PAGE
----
Six or seven years ago, my family and I were road-tripping from our home in New York to my brother’s in Washington, DC, a trip we take about twice a year. These days, my teen boys spend car time absorbed by their own devices (both figurative and literal), but when they were small, I’d invested in a portable, two-screen DVD player that hung on the seat backs so both boys could watch movies (and my husband and I could listen to that instead of whining).
On the trip in question, we’d popped “Charlotte’s Web” into the player — the 1973 movie version of the classic tale of loyalty and friendship. In the driver’s seat, I couldn’t watch, but I was listening and quickly became absorbed. While my eyes stayed focused on the road ahead, my mind descended into a reverie as thick as the scents of the Arable farm.
Charlotte’s Web, the simple and enduring children’s novel by E.B. White, is celebrating its 65th anniversary this year. I wonder how many of us, having read it so many times their copies are in tatters, remember the first time they read or heard the story? Because I do: It was at the feet of my second-grade teacher, Miss Massaro.
But back to my road-trip tale. As timing would have it, we pulled into a rest stop somewhere in Maryland just as the movie had reached the crushing scene in which Wilbur the pig — saved from the farmer’s knife, confident and happy — realizes his dear friend is dying. The scene in which Charlotte, in her gentle but firm way, tells Wilbur goodbye.
“Are you crying?” my husband asked, surprised, as he saw me rummaging through the glove compartment for the Starbucks napkins I kept there. I was, but not because of Charlotte.
I was weepy because at that moment, after watching the film that far, my sons displayed no emotional reaction to the scene. I cried because they weren’t crying. I felt sad because I knew that one of my childhood wishes — the very specific reader-mom fantasy that someday I’d share my literary heroes and heroines with children of my own — may not come true.
I couldn’t quite explain it to my husband, and in any case the boys were about to dash unheeding into the parking lot, so I made some mumbling reply about being a silly sappy mom and killed the engine, cutting off Wilbur in mid moan. And I thought again about Miss Massaro.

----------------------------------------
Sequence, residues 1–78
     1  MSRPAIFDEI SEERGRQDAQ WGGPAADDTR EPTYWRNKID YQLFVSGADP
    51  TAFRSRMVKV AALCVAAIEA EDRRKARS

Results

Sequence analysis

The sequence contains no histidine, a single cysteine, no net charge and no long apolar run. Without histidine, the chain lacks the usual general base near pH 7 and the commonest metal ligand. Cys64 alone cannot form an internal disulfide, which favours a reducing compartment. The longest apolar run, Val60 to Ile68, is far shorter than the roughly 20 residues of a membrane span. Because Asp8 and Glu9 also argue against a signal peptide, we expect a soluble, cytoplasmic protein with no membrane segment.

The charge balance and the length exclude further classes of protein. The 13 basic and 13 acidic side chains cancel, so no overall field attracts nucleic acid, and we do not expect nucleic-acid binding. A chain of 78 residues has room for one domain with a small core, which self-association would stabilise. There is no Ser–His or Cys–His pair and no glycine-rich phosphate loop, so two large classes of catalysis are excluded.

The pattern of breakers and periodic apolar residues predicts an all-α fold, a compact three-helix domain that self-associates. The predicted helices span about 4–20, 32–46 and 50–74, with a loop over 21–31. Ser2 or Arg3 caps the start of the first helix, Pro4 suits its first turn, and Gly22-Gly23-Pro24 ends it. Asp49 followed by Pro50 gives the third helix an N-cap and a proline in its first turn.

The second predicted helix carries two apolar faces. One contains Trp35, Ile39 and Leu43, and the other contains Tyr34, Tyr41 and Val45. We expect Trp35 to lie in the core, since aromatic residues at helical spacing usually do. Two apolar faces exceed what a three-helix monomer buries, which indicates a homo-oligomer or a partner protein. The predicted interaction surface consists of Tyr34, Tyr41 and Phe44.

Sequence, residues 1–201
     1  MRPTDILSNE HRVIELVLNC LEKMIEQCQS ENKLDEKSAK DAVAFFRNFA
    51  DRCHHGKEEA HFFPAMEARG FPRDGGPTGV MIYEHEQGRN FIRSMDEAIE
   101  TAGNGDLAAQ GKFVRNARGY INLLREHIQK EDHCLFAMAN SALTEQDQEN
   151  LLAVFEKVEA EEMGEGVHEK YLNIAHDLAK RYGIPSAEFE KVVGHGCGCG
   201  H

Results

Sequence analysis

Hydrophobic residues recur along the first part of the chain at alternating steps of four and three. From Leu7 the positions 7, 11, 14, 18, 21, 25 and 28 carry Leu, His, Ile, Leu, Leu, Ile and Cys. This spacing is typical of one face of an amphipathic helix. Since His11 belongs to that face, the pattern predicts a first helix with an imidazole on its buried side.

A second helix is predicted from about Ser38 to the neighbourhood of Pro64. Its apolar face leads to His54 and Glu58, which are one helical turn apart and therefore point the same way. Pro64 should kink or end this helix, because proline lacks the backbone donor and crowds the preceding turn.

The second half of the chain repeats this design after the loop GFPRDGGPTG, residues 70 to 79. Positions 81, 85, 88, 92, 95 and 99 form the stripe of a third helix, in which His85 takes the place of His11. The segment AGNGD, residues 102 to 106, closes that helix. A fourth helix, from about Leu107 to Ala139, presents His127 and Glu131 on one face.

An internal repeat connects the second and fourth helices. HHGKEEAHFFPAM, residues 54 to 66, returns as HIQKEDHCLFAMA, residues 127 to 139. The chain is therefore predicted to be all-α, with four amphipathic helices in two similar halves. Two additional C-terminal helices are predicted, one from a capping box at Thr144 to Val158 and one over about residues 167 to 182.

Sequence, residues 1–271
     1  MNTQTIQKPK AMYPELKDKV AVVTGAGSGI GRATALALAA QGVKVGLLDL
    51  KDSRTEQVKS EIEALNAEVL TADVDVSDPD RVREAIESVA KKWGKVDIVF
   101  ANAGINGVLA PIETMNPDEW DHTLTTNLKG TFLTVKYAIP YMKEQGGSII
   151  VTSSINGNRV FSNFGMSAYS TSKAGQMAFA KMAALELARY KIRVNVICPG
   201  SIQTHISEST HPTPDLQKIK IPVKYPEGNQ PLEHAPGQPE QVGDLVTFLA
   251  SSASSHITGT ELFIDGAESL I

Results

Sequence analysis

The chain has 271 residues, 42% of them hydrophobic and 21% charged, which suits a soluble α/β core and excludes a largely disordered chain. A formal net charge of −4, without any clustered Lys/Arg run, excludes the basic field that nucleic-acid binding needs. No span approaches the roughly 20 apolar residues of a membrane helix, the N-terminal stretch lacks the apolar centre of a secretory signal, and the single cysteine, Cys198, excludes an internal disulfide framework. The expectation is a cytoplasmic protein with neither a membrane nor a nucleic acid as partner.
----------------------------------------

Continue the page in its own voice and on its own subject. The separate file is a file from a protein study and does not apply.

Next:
It was her first year teaching. In a fairly strict Catholic grammar school in the early 1970s, she was a breath of youth — she was probably 23 years old — in a building staffed by nuns and lay teachers at least a decade or two her senior. And in a school that valued a system and a schedule (we went to the restrooms at pre-determined intervals, in lines ordered by gender and height), Miss Massaro made the announcement that she would read to us, each day. It wasn’t transgressive, exactly, but it wasn’t anything you could call typical for the time and place.
The time she wrested from each day for reading a chapter or two of Charlotte’s Web flew by. We talked about the story and asked questions. There has never been a time, in any subsequent reading of the book, that I could separate my enjoyment of the story from my first experience with it. I felt like Miss Massaro had been speaking to me, letting me in on the secret of a story well told: that it could be simple, but still enormously powerful. That great sadness lived alongside deep happiness, that hopefulness and the crushing of hopes sat side by side.
E.B. White’s story and Garth Williams’s drawings are so much older than I was then, and even Miss Massaro — doing some quick math in my head — has by now celebrated a handful more birthdays than Wilbur and Charlotte and Fern and Templeton and the rest.
And with the clarity of hindsight I see now that my tears that day in the car, listening to the near-final scene of the movie, were not for the boys who were actually mine just then. They were for 7-year-old me, and maybe for Miss Massaro, who I’ve tried and failed to find on the Internet. I sat in my car that day thinking of her, and of me cross-legged on the floor in her classroom, smoothing my green plaid uniform skirt over my knees and dreaming.